|Georgia—Weighs Costs, Benefits of Photographer/Spy Case|
|July 27, 2011|
By Giorgi Lomsadze
President Mikheil Saakashvili’s administration is taking a hit over the abrupt end of a photographer/spy saga in Georgia. Many journalists feel shortchanged on the facts of the case, while foreign allies, in particular the United States, are reportedly growing weary of the Georgian government’s fixation on Russian spies.
A plea bargain  on July 22 secured the release of three photographers arrested in connection with the scandal -- Irakli Gedenidze, who served as Saakashvili’s personal photographer, Giorgi Abdaladze, a freelance photographer for the Foreign Ministry, and Zurab Kurtsikidze, a photographer for the European Pressphoto Agency. Gedenidze’s wife, Natia, a newspaper photographer who had been charged with acting as an accessory, also closed the book on her case with a plea bargain. The four were taken into custody  on July 7.
The hasty resolution to the spy case left many questions unanswered. Outside the courthouse, the photographers met with a reception that ranged from supportive to chilly and reserved, mirroring the fault lines among Georgian media outlets that have appeared over the case.
Staunchly anti-government journalists, who never accepted the premise of Gedenidze’s, Abdaladze’s and Kurtsikidze’s guilt, gave the trio a hero’s welcome upon release. One of Abdaladze’s former media employers even offered to hire the photographer back.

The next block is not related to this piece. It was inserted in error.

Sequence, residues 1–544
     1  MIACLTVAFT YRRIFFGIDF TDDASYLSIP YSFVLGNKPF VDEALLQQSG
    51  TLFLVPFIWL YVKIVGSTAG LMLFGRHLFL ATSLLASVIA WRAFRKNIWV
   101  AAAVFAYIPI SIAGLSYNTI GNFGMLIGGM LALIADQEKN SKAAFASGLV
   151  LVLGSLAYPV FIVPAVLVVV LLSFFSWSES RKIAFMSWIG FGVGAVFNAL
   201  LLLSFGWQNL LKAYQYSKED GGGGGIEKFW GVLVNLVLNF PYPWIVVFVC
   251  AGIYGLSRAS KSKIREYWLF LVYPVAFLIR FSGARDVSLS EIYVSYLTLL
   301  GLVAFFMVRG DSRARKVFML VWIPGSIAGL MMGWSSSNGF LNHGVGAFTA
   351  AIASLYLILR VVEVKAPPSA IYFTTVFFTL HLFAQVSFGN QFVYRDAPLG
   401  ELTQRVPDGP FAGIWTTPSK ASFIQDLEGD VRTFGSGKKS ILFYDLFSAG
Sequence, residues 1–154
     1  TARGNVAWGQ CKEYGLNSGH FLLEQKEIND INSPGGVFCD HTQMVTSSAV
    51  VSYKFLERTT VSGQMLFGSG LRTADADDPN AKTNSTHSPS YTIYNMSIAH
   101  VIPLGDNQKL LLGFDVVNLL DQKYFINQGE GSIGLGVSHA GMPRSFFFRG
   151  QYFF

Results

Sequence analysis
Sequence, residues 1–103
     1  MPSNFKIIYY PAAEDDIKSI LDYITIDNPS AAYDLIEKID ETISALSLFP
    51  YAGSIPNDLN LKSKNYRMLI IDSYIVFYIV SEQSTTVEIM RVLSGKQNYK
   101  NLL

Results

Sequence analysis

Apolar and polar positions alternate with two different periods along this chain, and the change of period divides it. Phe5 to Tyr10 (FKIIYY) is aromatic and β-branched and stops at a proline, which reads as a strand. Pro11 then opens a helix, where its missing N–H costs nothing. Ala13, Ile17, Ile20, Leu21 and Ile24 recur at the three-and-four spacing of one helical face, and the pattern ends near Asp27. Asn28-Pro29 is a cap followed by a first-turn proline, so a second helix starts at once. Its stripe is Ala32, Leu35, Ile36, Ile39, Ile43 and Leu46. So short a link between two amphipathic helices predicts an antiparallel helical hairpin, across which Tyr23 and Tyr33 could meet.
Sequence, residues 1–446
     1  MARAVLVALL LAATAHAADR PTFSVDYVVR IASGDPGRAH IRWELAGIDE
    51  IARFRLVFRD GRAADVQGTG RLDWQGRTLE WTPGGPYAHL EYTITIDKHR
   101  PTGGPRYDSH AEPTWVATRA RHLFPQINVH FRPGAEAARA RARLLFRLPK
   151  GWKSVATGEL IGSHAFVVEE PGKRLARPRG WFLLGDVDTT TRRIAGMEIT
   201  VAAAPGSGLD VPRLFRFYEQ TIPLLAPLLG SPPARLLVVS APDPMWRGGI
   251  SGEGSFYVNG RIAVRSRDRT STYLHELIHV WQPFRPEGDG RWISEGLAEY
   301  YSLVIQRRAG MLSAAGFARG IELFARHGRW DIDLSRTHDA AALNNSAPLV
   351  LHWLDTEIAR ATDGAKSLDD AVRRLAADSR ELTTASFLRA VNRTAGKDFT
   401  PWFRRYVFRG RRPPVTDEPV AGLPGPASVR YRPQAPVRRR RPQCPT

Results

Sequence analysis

Some journalists attributed such displays to political bias. “The photographers got their freedom and a mild punishment in exchange for cooperating with the investigation,” said Davit Paichadze, dean of Ilia Chavchavadze University's Journalism School and a talk-show host on Georgia’s government-friendly public television. “Nobody needs them in prison now. … Their reputation has suffered seriously and, I think, they deserved it.”
Abdaladze himself commented bitterly in a newspaper interview that his only career option now is taking photos of weddings and birthdays. The Ministry of Foreign Affairs has rejected any possibility of rehiring the photographer.
Meanwhile, middle-of-the-road voices in Georgian journalism say they have been vexed by the lack of substance to the story. “Once more we are in a situation where personal views, not hard facts, shape the media discourse,” said Liberali news weekly journalist Ninia Kakabadze. “We are left with a situation where one side sticks to a preconceived trust in [the photographers’] innocence, the government supporters are convinced of their guilt, but those of us who need hard facts to make a judgment are left with nothing.”
As part of their plea deal with the government, the photographers agreed not to discuss their cases. Documents released by prosecutors were heavily redacted, leaving the public to mull over a mix of hearsay and pieces of inconclusive evidence.
“The government, quite irresponsibly, left us with the only option -- to guess our way to what happened there, which is a fool’s game,” said Kakabadze, who questioned whether the failure to make good on the promise  for a public trial meant that “the prosecution just did not have enough evidence to show.”